We understand that as the Government advice continues to change, there is concern within our community surrounding returning to work, levels of risk and employment rights.
We have answered some of the most frequently-asked queries within these pages, which should be read in conjunction with the latest Government advice. We will continue to review the situation on a daily basis and to update this information as the advice changes.
I have not received a text or a letter, but I think I should be in the 'high risk' patient group who are shielding. What should I do?
Although anyone can become seriously ill from COVID-19, some people are at a higher risk than others. The NHS has divided this higher risk category into two groups: those considered to be at 'high risk' and those at 'moderate risk,' and it is people within the 'high risk' group who are being advised to shield.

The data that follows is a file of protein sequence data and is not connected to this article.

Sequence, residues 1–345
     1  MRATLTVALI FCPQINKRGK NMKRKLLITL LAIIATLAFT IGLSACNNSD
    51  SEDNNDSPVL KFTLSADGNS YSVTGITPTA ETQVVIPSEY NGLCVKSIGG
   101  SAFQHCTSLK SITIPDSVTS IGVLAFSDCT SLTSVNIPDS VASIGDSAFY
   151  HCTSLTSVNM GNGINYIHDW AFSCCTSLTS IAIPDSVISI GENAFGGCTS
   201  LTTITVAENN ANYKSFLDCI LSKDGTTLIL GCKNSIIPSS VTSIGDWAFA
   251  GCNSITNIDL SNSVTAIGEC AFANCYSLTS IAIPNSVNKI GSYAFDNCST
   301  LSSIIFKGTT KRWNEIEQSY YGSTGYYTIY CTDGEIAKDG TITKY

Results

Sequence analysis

If you are considered to be 'high risk', then you may be extremely clinically vulnerable to severe illness if you become infected with COVID-19. You may soon be contacted by the NHS with specific advice on shielding, since more letters are being sent to individuals identified in April and it is expected that doctors and hospitals will continue to add more patients to the list. The initial identification involved 900,000 patients, and this has now increased to around 1.28 million people.
You should also follow the advice for shielded patients if you believe that you are at 'high risk', and discuss this with your GP or hospital medical team.
The high risk group includes people who:
- have had an organ transplant